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  • Technologist presentation
  • Open Access

Automatic localisation of landmark points in CMR images using a cyclic motion mask

  • 1,
  • 2,
  • 2 and
  • 2
Journal of Cardiovascular Magnetic Resonance201214 (Suppl 1) :T9

https://doi.org/10.1186/1532-429X-14-S1-T9

  • Published:

Keywords

  • Pixel Intensity
  • Gaussian Filter
  • Junction Point
  • Landmark Point
  • Good Success Rate

Background

Many cardiac segmentation algorithms require the input of an initial estimate of the position and orientation of the heart. This work presents a method for automatically localising the LV/RV centres and junction points in short axis mid ventricular CMR images. The technique uses a novel cyclic motion mask that removes the influence of static tissue.

Methods

For each pixel in a short axis TrueFISP image, the negative changes to the signal intensities over the cardiac cycle are summed to produce a motion map that highlights the contraction of the ventricles. A second motion map that emphasises the expansion of the ventricles is created by summing the positive pixel changes. A Gaussian filter is applied to both of the maps which are intersected to produce a cyclic motion mask that emphasises image regions that undergo both contraction and expansion. The motion mask is modulated with the original image to highlight the LV and RV. A Hough transform is applied to identify the centre of the LV. The filtered image is reformatted to polar coordinates about the centre of the LV. A profile corresponding to the sum of pixel intensities in each row is analysed to find the minimum corresponding to the horizontal line of the LV myocardium. All pixels below this line are excluded. A Gaussian filter is applied and the centre of the RV is identified as the maximum pixel value. The filtered image is then reformatted to polar coordinates about the centre of the RV. The LV/RV junction points are identified by analysing a profile of pixel intensities in each column.

Results

For testing the methodology, 10 asymptomatic subjects were imaged using a TrueFISP sequence on a 1.5T Siemens Sonata Scanner. 5 mid ventricular short slices were obtained with a slice thickness of 7.0 mm and an in-plane resolution between 1.1mm and 2.0mm. Between 20 and 25 cine frames were acquired for each slice resulting in the acquisition of 1125 images in total. The identified centres and junction points were considered correct if they lay within 10mm of manually identified points. The results demonstrate a good success rate in global terms (Table 1) and also for each patient (Figure 1).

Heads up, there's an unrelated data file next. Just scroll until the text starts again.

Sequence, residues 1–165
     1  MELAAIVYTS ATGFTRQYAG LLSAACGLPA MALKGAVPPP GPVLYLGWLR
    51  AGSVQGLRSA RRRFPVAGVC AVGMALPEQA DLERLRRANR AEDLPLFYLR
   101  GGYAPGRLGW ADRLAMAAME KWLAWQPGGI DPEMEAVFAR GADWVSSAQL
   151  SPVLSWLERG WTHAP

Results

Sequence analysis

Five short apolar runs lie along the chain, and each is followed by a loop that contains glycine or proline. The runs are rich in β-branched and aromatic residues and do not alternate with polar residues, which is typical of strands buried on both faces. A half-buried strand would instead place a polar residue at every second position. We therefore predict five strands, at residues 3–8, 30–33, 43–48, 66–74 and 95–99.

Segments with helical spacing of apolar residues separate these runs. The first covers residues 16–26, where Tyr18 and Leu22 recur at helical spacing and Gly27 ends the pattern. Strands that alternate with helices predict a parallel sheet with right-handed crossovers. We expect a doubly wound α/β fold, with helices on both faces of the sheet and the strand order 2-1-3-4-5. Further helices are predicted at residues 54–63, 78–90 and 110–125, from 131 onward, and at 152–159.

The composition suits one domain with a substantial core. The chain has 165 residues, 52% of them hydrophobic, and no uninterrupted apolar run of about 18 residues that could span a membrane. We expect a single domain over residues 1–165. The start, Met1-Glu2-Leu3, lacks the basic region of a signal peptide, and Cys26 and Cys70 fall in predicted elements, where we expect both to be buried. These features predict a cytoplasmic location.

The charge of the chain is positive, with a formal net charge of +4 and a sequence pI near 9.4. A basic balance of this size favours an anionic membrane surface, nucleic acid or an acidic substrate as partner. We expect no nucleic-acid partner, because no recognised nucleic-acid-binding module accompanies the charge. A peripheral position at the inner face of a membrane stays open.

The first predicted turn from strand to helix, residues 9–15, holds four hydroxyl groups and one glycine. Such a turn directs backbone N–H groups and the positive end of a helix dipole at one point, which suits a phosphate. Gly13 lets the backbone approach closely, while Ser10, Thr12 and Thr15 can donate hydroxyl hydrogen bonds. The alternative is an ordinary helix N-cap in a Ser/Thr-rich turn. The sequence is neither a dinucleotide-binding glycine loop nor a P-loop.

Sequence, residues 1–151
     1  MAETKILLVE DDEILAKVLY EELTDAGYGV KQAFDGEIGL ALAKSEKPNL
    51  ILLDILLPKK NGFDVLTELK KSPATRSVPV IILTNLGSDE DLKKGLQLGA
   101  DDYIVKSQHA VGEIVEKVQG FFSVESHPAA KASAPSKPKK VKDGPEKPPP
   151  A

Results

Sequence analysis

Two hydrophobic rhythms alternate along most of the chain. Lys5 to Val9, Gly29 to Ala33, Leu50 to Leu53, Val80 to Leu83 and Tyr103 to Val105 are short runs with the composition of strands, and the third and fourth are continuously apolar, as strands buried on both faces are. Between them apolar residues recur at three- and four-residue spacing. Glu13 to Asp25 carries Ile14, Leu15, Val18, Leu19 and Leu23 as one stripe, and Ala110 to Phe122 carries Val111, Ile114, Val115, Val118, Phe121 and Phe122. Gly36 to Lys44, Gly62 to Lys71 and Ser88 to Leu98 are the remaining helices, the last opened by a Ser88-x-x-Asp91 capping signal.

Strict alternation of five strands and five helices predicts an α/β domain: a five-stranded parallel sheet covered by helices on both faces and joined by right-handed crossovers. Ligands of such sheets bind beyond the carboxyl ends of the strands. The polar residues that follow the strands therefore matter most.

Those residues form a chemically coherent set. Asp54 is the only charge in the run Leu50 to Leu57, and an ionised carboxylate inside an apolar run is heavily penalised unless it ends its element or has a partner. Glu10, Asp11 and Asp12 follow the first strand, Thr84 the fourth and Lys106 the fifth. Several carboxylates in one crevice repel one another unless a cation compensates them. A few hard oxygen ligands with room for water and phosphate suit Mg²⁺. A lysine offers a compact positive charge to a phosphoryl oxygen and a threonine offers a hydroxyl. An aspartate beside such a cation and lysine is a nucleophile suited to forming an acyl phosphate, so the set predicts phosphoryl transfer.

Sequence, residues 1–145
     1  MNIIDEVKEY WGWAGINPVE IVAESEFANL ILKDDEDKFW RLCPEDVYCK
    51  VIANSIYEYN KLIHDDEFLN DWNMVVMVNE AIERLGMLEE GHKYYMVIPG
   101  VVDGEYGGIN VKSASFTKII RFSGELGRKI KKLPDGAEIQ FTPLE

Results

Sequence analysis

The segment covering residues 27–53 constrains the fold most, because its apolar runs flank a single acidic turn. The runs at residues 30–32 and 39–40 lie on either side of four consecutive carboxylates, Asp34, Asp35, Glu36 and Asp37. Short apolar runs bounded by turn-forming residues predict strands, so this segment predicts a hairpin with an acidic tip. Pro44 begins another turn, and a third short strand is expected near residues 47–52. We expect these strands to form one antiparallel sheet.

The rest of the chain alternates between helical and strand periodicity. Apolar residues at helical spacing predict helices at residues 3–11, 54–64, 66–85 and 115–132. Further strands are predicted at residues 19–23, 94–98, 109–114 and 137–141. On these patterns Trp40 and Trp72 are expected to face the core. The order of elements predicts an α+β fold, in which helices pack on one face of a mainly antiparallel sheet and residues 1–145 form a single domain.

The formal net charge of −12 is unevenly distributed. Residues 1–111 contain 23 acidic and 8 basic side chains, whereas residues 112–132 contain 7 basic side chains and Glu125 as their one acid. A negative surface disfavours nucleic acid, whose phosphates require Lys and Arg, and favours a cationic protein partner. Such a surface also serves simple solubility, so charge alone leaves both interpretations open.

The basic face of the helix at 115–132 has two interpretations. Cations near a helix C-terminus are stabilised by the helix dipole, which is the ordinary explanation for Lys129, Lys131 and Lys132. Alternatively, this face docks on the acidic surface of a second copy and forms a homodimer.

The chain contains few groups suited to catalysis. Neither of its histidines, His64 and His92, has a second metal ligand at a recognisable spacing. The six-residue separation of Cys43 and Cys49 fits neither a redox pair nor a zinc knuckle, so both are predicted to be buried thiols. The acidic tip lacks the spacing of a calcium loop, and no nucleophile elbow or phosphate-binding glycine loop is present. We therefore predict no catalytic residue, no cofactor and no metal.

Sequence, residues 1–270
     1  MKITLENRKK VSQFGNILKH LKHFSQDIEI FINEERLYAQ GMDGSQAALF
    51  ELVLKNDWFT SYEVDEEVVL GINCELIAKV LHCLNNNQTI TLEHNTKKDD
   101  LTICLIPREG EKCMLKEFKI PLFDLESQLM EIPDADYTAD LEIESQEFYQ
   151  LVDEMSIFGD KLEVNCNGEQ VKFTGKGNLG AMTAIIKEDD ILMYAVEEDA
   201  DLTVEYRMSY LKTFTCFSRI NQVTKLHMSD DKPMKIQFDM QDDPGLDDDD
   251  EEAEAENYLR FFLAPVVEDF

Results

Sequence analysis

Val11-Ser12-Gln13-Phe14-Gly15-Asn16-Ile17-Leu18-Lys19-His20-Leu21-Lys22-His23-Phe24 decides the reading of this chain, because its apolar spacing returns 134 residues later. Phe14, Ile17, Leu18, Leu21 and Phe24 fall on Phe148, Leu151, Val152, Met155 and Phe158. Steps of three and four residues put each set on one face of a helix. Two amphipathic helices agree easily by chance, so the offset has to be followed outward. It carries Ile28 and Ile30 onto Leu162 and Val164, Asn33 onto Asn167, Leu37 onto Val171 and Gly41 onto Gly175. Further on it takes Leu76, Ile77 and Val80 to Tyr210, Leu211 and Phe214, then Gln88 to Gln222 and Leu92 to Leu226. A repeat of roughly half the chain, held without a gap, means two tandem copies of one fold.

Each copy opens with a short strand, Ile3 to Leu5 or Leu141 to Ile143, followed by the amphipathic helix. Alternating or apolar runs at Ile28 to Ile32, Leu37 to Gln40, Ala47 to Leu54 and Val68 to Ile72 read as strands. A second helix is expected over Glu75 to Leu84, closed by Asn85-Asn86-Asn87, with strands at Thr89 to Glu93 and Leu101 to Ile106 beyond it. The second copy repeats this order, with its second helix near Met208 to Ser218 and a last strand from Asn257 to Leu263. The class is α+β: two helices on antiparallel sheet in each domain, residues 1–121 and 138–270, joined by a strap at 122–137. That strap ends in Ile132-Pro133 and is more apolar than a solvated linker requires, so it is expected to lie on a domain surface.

Table 1

Accuracy of the automated detection of the LV and RV centres and junction points for all 10 subjects.

 

Left Ventricle

Right Ventricle

Junction Points

Accuracy

96.24%

94.16%

91.53%

Figure 1
Figure 1

A histogram of the accuracy of the technique for each of the 10 subjects.

Conclusions

In this work, we present a novel method for detecting key cardiac landmark points in short axis mid ventricular CMR images. This work has the potential to provide the initial estimate of the cardiac position and orientation to a wide range of cardiac segmentation algorithms.

Funding

This paper was funded by the charity for prevention of heart disease and stroke CORDA and by the Consellería de Industria, Xunta de Galicia, Spain (Grant contract 10TIC009CT).

Authors’ Affiliations

(1)
Computing, University of A Coruña, A Coruña, Spain
(2)
Hamlyn Centre for Robotic Surgery, Imperial College London, London, UK

Copyright

© Novo Buján et al; licensee BioMed Central Ltd. 2012

This article is published under license to BioMed Central Ltd. This is an open access article distributed under the terms of the Creative Commons Attribution License (http://creativecommons.org/licenses/by/2.0), which permits unrestricted use, distribution, and reproduction in any medium, provided the original work is properly cited.

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